Compounds or Phrases? Pattern Borrowing from English into Georgian

  • Nino AmiridzeEmail author
  • Rusudan Asatiani
  • Zurab Baratashvili
Conference paper
Part of the Lecture Notes in Computer Science book series (LNCS, volume 11456)


In this paper we investigate a case of borrowing of English noun-noun (nn) constructs into Georgian. The phenomenon has been observed lately in Georgian in sequences of two nouns, where the first noun, always marked by nominative, represents the dependent noun and the second is the head of the construct.

In English, nn constructs can potentially be analyzed as phrases or compounds. There have been no tests developed for Georgian so far that would help to decide the status of such sequences. We try to address this problem and propose several phonological, morphological, syntactic, and semantic criteria to distinguish compounds from phrases in nn constructs. The tests indicate that the borrowed pattern represents compounds in Georgian. This result raises some interesting research questions about category change in pattern borrowing.


Language contact Noun-noun construct Compounds Phrases Georgian English 



We would like to thank Alice C. Harris and the anonymous reviewers for helpful suggestions, and the editors for their support in the preparation of the final version of the paper. This work has been supported by the Shota Rustaveli National Science Foundation under the project 217500.


  1. 1.
    Amaghlobeli, N.: Language contacts in Georgian internet forums. STUF Lang. Typol. Universals 68(1), 107–121 (2015)Google Scholar
  2. 2.
    Amiridze, N.: Accommodating loan verbs in Georgian: Observations and questions. J. Pragmatics 133, 150–165 (2018)CrossRefGoogle Scholar
  3. 3.
    Bauer, L., Lieber, R., Plag, I.: The Oxford Reference Guide to English Morphology. Oxford University Press, Oxford (2013)CrossRefGoogle Scholar
  4. 4.
    Bauer, L.: When is a sequence of two nouns a compound in English? Engl. Lang. Linguist. 2(1), 65–86 (1998)CrossRefGoogle Scholar
  5. 5.
    Bell, M.J.: The English noun-noun construct: A morphological and syntactic object. In: Ralli, A., Booij, G., Scalise, S., Karasimos, A. (eds.) On-line Proceedings of the Eighth Mediterranean Morphology Meeting (MMM8), pp. 59–91 (2012)Google Scholar
  6. 6.
    Borise, L., Zientarski, X.: Word stress and phrase accent in Georgian. In: Proceedings of Tonal Aspects of Languages (TAL), vol. 6 (2018)Google Scholar
  7. 7.
    Butskhrikidze, M.: On the word level accentuation in Georgian. Presentation at The South Caucasian Chalk Circle, Paris, 24 September 2016Google Scholar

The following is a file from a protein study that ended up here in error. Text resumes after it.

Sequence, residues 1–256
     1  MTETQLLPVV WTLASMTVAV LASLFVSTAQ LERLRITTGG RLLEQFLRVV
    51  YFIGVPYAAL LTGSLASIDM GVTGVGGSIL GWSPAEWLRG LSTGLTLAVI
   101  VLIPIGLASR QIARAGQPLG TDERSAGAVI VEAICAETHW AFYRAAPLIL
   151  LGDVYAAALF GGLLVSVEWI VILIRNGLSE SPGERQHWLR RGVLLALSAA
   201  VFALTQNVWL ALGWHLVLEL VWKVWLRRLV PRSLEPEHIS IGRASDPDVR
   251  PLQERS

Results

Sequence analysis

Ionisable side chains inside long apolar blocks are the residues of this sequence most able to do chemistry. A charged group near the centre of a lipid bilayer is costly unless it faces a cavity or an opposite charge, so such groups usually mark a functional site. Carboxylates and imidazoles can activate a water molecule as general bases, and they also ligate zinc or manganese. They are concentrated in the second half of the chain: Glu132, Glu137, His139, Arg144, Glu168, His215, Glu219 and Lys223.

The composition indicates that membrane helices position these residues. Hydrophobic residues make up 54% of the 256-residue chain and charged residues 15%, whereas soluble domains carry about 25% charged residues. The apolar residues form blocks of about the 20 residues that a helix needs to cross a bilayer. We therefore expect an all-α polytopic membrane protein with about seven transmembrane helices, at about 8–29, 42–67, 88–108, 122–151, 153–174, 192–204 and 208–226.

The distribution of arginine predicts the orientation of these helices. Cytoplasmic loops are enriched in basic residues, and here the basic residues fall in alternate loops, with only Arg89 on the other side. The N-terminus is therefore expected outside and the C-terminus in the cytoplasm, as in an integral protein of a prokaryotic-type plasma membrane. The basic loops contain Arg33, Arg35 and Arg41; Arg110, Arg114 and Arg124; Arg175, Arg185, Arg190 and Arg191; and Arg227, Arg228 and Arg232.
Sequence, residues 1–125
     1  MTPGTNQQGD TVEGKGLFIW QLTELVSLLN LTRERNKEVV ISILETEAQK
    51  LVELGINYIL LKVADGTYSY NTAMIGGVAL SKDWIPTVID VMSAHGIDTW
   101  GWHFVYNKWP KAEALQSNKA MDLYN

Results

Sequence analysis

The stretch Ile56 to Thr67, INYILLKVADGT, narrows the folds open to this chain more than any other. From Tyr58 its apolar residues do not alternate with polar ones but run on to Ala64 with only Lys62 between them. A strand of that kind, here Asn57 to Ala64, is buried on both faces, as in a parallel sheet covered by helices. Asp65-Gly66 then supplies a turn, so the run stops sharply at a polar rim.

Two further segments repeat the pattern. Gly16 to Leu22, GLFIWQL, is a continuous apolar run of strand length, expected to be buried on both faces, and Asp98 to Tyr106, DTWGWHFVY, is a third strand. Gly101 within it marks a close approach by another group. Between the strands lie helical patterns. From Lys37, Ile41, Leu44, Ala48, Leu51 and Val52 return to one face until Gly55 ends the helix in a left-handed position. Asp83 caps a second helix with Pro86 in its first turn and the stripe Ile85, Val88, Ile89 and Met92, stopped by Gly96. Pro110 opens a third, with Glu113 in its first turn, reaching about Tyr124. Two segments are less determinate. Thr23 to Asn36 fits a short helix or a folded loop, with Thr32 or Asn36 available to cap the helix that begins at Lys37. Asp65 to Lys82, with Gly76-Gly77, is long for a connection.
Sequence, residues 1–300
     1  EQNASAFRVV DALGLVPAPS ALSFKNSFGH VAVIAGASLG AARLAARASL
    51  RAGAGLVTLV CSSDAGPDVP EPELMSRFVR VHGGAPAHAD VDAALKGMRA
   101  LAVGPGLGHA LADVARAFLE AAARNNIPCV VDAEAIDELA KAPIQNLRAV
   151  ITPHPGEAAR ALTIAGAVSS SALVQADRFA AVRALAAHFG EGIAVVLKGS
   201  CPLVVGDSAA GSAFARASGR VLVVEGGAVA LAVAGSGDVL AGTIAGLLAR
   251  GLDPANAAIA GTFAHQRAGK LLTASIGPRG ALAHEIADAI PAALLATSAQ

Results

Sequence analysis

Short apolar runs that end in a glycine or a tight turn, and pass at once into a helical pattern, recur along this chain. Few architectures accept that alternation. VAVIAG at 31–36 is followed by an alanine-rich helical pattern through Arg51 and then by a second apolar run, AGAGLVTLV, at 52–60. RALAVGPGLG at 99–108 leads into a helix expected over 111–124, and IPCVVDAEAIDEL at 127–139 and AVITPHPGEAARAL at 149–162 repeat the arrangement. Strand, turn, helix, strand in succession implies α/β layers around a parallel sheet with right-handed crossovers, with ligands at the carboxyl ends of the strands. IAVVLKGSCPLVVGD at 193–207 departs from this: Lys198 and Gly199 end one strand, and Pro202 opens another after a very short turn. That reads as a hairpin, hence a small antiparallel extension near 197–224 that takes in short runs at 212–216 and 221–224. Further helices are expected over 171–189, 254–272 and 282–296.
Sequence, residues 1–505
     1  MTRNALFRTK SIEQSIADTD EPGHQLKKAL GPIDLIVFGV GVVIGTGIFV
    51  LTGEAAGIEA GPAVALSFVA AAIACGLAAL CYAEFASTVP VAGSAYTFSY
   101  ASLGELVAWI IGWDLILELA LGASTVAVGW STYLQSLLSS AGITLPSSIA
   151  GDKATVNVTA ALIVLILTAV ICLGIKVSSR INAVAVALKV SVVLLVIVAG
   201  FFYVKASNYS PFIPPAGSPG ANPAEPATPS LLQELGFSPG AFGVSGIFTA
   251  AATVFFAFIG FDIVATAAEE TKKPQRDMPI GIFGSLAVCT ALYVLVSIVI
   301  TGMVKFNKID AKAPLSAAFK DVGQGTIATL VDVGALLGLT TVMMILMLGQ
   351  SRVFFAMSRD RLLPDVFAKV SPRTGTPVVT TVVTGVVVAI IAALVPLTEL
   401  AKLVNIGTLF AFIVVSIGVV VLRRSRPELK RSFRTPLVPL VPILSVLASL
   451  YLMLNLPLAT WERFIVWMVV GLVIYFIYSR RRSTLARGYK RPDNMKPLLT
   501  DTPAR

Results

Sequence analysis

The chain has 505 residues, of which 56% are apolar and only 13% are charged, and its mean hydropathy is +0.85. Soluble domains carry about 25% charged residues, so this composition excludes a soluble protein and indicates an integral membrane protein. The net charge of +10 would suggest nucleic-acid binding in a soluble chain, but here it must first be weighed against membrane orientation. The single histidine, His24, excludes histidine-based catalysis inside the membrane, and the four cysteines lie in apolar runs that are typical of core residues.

8. 8.
    Giegerich, H.J.: Compound or phrase? English noun-plus-noun constructions and the stress criterion. Engl. Lang. Linguist. 8, 1–24 (2004)CrossRefGoogle Scholar
  9. 9.
    Haspelmath, M., Sims, A.D.: Understanding Morphology. Understanding Language Series, 2nd edn. Hodder Education, London (2010)Google Scholar
  10. 10.
    Hewitt, B.G.: Georgian: A Structural Reference Grammar, London Oriental and African Language Library, vol. 2. John Benjamins, Amsterdam/Philadelphia (1995)CrossRefGoogle Scholar
  11. 11.
    Karlsson, F.: Finnish: An Essential Grammar. Understanding Language Series. Routledge, London and New York (1999)Google Scholar
  12. 12.
    Laalo, K.: Acquisition of compound nouns in Finnish. In: Dressler, W.U., Ketrez, F.N., Kilani-Schoch, M. (eds.) Nominal Compound Acquisition, pp. 191–207 (2017). Language Acquisition and Language Disorders 61, John Benjamins, Amsterdam/PhiladelphiaGoogle Scholar
  13. 13.
    Lewis, G.L.: Turkish Grammar, 2nd edn. Oxford University Press, Oxford (2000)Google Scholar
  14. 14.
    Matras, Y., Sakel, J.: Introduction. In: Matras, Y., Sakel, J. (eds.) Grammatical Borrowing in Cross-Linguistic Perspective, pp. 1–13. Mouton de Gruyter, Berlin and New York (2007)Google Scholar
  15. 15.
    Matras, Y., Sakel, J.: Investigating the mechanisms of pattern replication in language convergence. Stud. Lang. 31(4), 829–865 (2007)CrossRefGoogle Scholar
  16. 16.
    Newman, P.: The Hausa Language: An Encyclopedic Reference Grammar. Yale University Press, New Haven (2000)Google Scholar
  17. 17.
    Sakel, J.: Types of loan: Matter and pattern. In: Matras, Y., Sakel, J. (eds.) Grammatical Borrowing in Cross-Linguistic Perspective, pp. 15–29. Mouton de Gruyter, Berlin and New York (2007)Google Scholar
  18. 18.
    Shanidze, A.: Foundations of Georgian Grammar, I, Morphology, 2nd edn. Tbilisi University Press, Tbilisi (1973). (In Georgian)Google Scholar
  19. 19.
    Skopeteas, S., Féry, C.: Focus and intonation in Georgian: constituent structure and prosodic realization (2016).
  20. 20.
    Thomason, S.G.: Language Contact. An Introduction. Georgetown University Press, Washington (2001)Google Scholar
  21. 21.
    Thomason, S.G., Kaufman, T.: Language Contact, Creolization, and Genetic Linguistics. University of California Press, Berkeley, Los Angeles and London (1988)Google Scholar
  22. 22.
    Zhgenti, S.M.: The Rhythmical-Melodic Structure of Georgian. Codna, Tbilisi (1963). (In Georgian)Google Scholar

Copyright information

© Springer-Verlag GmbH Germany, part of Springer Nature 2019

Authors and Affiliations

  • Nino Amiridze
    • 1
    Email author
  • Rusudan Asatiani
    • 1
  • Zurab Baratashvili
    • 1
  1. 1.Ivane Javakhishvili Tbilisi State UniversityTbilisiGeorgia

Personalised recommendations